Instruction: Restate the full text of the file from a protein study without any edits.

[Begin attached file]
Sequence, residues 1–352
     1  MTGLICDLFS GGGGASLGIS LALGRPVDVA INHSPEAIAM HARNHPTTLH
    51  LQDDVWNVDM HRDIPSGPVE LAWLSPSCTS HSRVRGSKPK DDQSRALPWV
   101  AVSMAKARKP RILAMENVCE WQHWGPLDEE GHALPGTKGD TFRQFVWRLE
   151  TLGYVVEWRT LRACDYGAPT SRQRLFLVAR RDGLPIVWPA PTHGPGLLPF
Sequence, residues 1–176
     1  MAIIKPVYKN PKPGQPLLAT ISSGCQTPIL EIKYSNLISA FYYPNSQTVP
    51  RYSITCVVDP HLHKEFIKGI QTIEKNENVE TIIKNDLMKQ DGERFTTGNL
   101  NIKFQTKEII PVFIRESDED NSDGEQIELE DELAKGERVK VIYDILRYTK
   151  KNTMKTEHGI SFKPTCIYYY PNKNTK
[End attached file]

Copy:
Sequence, residues 1–352
     1  MTGLICDLFS GGGGASLGIS LALGRPVDVA INHSPEAIAM HARNHPTTLH
    51  LQDDVWNVDM HRDIPSGPVE LAWLSPSCTS HSRVRGSKPK DDQSRALPWV
   101  AVSMAKARKP RILAMENVCE WQHWGPLDEE GHALPGTKGD TFRQFVWRLE
   151  TLGYVVEWRT LRACDYGAPT SRQRLFLVAR RDGLPIVWPA PTHGPGLLPF
Sequence, residues 1–176
     1  MAIIKPVYKN PKPGQPLLAT ISSGCQTPIL EIKYSNLISA FYYPNSQTVP
    51  RYSITCVVDP HLHKEFIKGI QTIEKNENVE TIIKNDLMKQ DGERFTTGNL
   101  NIKFQTKEII PVFIRESDED NSDGEQIELE DELAKGERVK VIYDILRYTK
   151  KNTMKTEHGI SFKPTCIYYY PNKNTK